IBM and Libelium release a 6LoWPAN development platform for IoT applications

Summary:Researchers and developers seeking to create and test Internet of Things applications using IPv6 over Low-power Wireless Personal Area Network (6LoWPAN) technology now have a toolkit at their disposal.

IBM has teamed up with wireless sensor network specialist Libelium to deliver a starter kit for developing and testing Internet of Things (IoT) applications in areas such as smart cities, e-health and environmental monitoring. Comprising IBM's Mote Runner SDK and Libelium's Waspmote sensor platform, Waspmote Mote Runner development platform allows researchers to explore the benefits of 6LoWPAN (IPv6 over Low-power Wireless Personal Area Network) connectivity, both in simulation and in small-scale physical testbeds.

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The Waspmote Mote Runner Networking Kit includes five end nodes with 6LoWPAN radio, antenna, battery and sensors (temperature, accelerometer), plus one gateway node with an Ethernet interface. Image: Libelium
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IBM's Eclipse-based Mote Runner dashboard provides an accessible platform for testing, debugging and maintaining wireless sensor network applications. Image: IBM

Developed at IBM's Zurich Research Laboratory, Mote Runner integrates a virtual machine running a real-time operating system on the sensor (mote) platform, for which developers can build custom applications in Java or C# using an Eclipse-based SDK. Mote Runner works with sensors that use the 6LoWPAN protocol over the IEEE 802.15.4 link layer to create a mesh network connecting any sensor node to a gateway that forwards the IPv6 packets (via a spot of IPv4/IPv6 tunneling) on to user-facing IPv6 servers on the internet.

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Sensor nodes use 6LoWPAN over 802.15.4 to create a mesh network that links any node to the Ethernet-equipped gateway node. This is linked, via a PC that does IPv4/IPv6 tunneling, to user-facing IPv6 servers on the internet. Libelium says that the gateway and the tunneling PC will be a single device in the future. Image: Libelium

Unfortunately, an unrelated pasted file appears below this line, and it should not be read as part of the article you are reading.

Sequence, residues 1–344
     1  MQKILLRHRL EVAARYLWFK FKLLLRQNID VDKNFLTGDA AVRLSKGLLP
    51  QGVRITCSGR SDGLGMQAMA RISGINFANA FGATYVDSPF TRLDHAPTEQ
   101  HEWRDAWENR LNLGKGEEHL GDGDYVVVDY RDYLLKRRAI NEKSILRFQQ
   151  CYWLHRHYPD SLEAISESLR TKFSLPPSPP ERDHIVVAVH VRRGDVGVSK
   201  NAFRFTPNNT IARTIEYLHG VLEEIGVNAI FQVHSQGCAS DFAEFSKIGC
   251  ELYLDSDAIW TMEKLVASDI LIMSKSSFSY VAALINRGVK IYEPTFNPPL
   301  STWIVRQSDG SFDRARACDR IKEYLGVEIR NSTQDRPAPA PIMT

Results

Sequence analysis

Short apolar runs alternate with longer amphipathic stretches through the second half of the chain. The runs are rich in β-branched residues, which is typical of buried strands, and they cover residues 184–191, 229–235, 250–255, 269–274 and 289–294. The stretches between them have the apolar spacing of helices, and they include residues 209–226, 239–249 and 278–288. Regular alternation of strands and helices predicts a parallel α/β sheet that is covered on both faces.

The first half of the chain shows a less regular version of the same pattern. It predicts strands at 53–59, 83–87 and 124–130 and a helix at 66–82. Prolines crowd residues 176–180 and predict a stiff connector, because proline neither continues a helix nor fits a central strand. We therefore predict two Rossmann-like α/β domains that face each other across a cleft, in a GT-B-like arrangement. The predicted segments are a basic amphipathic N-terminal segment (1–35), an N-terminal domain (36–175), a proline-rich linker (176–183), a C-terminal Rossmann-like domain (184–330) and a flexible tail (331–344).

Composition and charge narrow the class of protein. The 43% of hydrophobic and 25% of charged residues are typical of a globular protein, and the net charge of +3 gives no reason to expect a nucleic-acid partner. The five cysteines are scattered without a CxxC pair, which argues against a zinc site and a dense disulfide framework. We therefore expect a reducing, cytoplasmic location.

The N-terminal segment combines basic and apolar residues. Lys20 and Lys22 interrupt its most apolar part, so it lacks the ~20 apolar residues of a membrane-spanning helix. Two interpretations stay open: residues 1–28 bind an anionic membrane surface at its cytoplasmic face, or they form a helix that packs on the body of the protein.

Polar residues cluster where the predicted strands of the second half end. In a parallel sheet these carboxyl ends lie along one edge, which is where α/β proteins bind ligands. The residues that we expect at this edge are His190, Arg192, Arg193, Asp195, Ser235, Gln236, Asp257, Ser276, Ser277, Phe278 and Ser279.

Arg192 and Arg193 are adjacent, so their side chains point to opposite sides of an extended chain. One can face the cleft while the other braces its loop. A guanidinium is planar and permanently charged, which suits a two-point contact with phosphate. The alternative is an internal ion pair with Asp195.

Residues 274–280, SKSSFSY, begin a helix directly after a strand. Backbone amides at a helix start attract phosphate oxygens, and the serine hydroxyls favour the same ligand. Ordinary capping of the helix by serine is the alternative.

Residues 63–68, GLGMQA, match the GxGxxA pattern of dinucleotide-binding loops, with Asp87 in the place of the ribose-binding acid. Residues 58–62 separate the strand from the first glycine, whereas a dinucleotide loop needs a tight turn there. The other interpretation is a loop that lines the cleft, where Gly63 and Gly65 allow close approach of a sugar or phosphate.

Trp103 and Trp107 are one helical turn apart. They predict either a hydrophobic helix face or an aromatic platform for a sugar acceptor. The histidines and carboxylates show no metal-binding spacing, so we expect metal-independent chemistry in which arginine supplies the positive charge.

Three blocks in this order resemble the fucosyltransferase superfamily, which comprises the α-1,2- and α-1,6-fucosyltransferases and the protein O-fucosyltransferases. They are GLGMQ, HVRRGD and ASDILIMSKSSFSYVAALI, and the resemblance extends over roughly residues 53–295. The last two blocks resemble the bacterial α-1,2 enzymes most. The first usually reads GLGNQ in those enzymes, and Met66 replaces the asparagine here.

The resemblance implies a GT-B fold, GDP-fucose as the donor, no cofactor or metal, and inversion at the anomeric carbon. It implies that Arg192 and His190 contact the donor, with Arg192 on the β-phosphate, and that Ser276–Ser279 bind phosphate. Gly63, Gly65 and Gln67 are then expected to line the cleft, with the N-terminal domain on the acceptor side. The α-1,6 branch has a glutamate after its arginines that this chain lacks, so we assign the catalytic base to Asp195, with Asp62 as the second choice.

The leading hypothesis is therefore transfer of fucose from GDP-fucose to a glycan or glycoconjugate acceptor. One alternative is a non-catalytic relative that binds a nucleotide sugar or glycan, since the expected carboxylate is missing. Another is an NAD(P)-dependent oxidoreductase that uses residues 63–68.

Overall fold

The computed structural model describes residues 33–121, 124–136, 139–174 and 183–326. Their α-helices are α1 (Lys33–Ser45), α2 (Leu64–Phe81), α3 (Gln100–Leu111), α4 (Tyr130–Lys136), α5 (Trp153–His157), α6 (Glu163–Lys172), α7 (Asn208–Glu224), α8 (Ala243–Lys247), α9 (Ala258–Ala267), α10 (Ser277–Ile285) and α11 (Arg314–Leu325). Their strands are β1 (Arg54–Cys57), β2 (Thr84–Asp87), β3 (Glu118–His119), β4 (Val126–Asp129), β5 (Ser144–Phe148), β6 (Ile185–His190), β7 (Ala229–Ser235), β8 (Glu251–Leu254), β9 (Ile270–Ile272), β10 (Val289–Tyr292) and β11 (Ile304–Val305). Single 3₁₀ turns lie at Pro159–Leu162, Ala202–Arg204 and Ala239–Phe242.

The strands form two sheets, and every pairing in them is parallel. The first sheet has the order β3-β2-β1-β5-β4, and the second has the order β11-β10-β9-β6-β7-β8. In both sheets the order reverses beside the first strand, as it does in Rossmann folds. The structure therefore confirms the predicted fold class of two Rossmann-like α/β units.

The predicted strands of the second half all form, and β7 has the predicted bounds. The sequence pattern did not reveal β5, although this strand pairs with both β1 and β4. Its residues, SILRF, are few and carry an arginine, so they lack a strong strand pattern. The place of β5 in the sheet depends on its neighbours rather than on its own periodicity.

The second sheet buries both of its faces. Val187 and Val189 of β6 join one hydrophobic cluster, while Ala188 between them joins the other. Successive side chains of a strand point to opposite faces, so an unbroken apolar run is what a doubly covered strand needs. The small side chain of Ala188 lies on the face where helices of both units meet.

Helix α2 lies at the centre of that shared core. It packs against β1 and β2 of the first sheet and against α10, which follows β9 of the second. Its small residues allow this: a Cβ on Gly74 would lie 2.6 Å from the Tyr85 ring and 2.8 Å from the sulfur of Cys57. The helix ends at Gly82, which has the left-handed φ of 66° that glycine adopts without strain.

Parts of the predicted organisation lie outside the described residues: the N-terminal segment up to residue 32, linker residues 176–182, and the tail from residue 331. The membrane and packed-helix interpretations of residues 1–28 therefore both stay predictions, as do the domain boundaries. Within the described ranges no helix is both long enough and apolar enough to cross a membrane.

Libelium's existing Waspmote platform supports a variety of wireless connectivity modules (802.15.4, GPRS, 3G, NFC, wi-fi and Bluetooth), but the hardware in the Waspmote Runner kit is 6LoWPAN only (802.15.4 at 2.4GHz and 868MHz). The gateway node also includes an Ethernet module for connection to a PC that handles the Ipv4/IPv6 tunneling. Waspmote nodes included in the two available kits (a basic Networking Kit or a more extensive Lab Kit with extra sensors and a couple of solar panels) do not come with firmware ready-loaded: this must be compiled using the Mote Runner SDK. More than 60 sensors can be fitted to Waspmote nodes, including modules for detecting carbon monoxide and dioxide, soil moisture, the presence of people or vehicles, humidity, temperature, radiation, electric current, light levels and more.

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The Waspmote Mote Runner Lab Kit comprises five end nodes, one gateway, rigid and flexible solar panels, and extra sensors (oxygen, humidity, carbon monoxide, carbon dioxide, temperature, accelerometer, presence [PIR], luminosity, dust, ultrasound [indoor], electric current, soil temperature, anemometer/wind vane/pluviometer, GPS). Image: Libelium

"We have worked closely with IBM to offer a development platform that can be used for both simulation and real IPv6 sensor connectivity," David Gascón, Libelium's CTO and co-founder, said in a statement. "This platform is a powerful tool for improving and testing 6LoWPAN capabilities in the context of wireless sensor networks and the Internet of Things."

The Waspmote Mote Runner Networking Kit costs €1,500, while the Lab Kit is priced at €2,550.

Further reading

Topics: Networking, Software Development

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Hello, I'm the Reviews Editor at ZDNet UK. My experience with computers started at London's Imperial College, where I studied Zoology and then Environmental Technology. This was sufficiently long ago (mid-1970s) that Fortran, IBM punched-card machines and mainframes were involved, followed by green-screen terminals and eventually the pers... Full Bio

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